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What’s the Big Deal about Returning to the Office?

We imagine you, along with most people, have an opinion about the necessity of physically working in an office. The unprecedented lockdown that came with COVID-19 showed us that working remotely is possible for many positions, but the question still remains whether it’s the optimal way to do work.

A lot of people have enjoyed the flexibility, the lack of commute and the autonomy that comes with working remotely. However, over time, a growing number of organizations have concluded that working remotely 100% of the time is creating gaps that simply cannot be filled with technology.

Why Would You Choose to Work in the Office?

In this article we will look at some benefits that come with working in an office – even if it is just a couple of days a month.  Although organizations will also benefit from your in-person attendance, this article will primarily focus on the benefits to you, the employee.

To help with this task, Jessica Baron, Executive Recruiter and Senior Consultant with Centennial, will provide her opinion based on her decades of experience as a recruiter, leadership consultant, career coach and her own personal career journey. As she reflects on her various jobs – having worked both in-person and fully remotely – she can identify several key benefits of working in the office, especially early in your career.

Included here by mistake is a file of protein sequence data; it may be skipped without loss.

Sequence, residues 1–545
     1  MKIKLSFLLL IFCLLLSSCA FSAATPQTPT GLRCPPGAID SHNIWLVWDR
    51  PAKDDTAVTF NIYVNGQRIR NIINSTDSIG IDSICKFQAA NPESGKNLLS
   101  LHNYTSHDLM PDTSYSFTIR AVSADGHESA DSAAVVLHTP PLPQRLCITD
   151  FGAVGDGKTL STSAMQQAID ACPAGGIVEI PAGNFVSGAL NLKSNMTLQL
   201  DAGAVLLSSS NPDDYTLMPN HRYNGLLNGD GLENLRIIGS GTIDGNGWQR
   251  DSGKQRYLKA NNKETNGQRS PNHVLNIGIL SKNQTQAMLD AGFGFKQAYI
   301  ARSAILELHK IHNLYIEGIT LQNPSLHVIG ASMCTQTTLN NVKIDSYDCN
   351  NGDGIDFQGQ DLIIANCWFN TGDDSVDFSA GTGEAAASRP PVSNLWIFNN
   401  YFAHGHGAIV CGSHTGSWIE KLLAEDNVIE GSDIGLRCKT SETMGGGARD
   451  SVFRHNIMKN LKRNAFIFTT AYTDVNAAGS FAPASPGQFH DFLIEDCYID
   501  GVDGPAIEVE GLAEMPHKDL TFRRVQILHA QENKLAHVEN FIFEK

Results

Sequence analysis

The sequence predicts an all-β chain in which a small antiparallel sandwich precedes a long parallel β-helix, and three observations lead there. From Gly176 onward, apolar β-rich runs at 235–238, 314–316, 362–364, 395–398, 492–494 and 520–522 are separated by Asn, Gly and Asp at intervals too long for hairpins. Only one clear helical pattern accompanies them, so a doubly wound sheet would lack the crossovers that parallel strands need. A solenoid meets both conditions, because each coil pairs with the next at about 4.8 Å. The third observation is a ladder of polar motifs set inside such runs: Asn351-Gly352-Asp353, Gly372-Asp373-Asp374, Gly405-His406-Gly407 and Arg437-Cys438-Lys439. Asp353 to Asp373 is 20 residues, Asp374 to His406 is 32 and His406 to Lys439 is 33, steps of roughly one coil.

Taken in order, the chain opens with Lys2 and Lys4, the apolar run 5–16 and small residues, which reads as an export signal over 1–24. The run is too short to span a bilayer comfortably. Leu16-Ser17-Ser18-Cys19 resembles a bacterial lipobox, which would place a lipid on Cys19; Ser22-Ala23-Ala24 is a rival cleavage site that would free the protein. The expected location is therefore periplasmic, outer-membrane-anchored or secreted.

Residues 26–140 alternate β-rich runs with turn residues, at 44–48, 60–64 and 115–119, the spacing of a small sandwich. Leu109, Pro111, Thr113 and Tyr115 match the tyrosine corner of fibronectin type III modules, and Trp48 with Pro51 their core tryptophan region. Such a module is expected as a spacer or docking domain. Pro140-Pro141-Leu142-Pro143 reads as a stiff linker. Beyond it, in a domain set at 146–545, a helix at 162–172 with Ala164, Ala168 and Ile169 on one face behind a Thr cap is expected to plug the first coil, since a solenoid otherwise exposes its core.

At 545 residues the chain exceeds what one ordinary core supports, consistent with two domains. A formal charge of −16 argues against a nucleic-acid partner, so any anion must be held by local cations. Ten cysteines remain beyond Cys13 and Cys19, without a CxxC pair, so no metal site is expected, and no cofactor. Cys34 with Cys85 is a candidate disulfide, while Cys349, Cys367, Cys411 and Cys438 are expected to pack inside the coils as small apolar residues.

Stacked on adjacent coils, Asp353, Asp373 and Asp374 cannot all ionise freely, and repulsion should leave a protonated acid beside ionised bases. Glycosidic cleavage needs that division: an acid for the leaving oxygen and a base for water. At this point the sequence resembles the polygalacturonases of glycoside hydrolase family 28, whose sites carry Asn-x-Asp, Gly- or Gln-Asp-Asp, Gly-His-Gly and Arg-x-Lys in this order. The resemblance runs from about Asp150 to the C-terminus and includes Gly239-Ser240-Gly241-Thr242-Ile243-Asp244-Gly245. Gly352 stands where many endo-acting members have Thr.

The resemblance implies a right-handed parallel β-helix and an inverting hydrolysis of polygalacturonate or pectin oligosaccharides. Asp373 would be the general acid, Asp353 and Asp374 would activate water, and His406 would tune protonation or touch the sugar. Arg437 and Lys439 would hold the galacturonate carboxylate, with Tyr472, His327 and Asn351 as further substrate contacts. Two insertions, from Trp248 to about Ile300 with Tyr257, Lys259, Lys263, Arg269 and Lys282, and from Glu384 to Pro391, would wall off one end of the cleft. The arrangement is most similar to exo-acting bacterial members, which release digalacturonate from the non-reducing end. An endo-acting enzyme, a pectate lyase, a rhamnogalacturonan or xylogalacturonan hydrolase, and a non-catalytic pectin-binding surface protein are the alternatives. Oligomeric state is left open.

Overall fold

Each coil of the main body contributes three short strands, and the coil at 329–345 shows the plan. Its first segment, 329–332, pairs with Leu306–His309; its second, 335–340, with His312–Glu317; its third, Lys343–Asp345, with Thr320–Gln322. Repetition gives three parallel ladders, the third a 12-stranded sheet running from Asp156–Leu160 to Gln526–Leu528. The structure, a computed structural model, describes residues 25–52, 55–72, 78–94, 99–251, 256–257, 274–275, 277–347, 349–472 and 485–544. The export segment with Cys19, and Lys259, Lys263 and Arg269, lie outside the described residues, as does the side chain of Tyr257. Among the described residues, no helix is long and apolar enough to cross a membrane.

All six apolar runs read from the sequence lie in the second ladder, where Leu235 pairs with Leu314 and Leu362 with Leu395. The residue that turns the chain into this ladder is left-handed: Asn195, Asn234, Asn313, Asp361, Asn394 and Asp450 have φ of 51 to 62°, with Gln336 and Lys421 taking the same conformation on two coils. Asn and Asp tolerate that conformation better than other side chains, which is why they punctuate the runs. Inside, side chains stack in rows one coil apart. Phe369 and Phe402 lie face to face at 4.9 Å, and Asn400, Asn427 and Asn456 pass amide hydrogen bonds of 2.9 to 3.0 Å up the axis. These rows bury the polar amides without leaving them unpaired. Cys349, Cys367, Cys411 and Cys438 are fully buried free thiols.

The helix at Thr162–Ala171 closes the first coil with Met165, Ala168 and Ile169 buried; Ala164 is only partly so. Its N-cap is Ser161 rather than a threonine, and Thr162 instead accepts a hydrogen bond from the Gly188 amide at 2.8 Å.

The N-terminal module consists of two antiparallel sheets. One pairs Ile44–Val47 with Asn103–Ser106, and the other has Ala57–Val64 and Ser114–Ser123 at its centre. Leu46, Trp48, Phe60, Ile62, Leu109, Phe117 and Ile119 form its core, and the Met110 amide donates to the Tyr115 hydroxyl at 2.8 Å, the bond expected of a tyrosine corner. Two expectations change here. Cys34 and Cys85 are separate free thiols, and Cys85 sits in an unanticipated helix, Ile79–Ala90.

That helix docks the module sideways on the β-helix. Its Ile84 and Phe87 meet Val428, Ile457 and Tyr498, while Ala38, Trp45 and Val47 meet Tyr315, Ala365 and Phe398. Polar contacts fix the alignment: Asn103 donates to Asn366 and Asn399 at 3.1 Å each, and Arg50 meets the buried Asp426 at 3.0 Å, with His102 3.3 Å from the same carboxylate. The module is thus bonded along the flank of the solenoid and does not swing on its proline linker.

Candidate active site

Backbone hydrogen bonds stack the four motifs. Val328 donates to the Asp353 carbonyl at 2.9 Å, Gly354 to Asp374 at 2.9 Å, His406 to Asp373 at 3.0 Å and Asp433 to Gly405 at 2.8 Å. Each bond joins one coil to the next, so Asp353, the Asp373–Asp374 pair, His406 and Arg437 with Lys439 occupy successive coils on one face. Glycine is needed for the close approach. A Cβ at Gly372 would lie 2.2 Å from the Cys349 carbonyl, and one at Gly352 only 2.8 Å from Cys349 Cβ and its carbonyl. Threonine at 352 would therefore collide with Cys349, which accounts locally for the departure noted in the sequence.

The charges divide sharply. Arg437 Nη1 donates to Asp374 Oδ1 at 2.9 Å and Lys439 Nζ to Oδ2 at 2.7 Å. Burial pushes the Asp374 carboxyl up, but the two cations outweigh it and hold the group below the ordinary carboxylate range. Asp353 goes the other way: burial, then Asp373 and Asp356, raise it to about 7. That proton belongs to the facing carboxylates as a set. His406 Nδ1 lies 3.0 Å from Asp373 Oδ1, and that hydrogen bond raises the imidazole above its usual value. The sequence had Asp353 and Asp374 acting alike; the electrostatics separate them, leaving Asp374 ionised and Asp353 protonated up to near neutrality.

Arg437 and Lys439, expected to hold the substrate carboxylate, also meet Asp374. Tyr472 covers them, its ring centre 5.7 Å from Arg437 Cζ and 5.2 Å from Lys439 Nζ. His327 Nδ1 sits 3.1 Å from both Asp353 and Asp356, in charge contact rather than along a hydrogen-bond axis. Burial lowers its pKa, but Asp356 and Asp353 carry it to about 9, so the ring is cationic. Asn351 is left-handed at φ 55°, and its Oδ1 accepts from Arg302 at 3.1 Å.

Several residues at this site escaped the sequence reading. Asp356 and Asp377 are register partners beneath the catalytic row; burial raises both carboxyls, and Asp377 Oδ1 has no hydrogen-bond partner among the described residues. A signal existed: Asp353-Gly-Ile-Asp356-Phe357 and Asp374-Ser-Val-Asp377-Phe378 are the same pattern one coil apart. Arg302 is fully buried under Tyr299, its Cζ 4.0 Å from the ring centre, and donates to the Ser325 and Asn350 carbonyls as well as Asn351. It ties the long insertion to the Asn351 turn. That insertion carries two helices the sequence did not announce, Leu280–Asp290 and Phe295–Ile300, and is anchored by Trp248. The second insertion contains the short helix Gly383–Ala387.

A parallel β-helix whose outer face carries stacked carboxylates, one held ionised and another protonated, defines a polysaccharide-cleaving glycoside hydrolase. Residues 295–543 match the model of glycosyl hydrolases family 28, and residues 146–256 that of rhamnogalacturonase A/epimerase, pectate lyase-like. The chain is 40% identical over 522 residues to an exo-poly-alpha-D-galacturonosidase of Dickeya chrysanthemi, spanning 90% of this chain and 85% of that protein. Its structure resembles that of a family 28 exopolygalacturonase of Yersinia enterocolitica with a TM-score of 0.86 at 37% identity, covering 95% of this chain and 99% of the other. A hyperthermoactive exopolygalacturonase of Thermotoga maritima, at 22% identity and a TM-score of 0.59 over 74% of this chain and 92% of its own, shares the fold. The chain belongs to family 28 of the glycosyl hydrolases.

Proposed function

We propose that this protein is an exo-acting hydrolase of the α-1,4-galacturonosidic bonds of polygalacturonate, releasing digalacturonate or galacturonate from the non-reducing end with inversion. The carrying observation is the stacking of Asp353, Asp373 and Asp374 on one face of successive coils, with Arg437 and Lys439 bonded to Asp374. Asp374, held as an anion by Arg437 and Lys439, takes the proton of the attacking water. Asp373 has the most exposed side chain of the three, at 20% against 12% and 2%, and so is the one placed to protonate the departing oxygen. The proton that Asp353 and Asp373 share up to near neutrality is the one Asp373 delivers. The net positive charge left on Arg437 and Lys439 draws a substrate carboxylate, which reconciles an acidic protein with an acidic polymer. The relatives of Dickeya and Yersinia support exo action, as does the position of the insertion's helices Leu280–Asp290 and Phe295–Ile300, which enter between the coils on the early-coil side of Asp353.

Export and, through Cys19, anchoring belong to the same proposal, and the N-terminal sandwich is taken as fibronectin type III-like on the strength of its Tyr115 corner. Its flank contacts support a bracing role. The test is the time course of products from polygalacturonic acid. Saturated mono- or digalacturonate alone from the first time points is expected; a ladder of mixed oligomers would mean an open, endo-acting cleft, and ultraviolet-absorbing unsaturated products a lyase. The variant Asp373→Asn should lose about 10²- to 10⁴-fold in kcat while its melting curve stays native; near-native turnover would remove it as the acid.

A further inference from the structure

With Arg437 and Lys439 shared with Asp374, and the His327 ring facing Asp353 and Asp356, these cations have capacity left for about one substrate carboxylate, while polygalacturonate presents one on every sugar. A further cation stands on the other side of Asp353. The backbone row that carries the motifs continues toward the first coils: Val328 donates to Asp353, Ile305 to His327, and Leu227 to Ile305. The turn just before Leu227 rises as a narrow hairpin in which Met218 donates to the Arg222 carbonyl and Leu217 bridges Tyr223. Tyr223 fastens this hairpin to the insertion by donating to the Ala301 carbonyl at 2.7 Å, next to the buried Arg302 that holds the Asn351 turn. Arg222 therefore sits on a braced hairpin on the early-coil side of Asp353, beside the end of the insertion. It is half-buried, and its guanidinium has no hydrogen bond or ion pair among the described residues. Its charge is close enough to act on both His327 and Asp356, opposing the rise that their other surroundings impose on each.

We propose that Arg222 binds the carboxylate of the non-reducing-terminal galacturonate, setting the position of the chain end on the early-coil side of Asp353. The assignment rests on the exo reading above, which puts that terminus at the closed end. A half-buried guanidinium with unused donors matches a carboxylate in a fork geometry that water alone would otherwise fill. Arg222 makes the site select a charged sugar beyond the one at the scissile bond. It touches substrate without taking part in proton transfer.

Jessica has tracked the career progress of numerous young people and she has seen how working in-person provides benefits that a fully-remote person may not have. Her own experience, coupled with her extensive coaching experience has reinforced the belief that a person’s success greatly depends on relationships. “The people you meet, those you depend on and those who depend on you, are foundational to your success. You form these relationships throughout your life, and they are necessary for reaching goals – both personal and professional.”

In-Person Impact vs Remote Conversations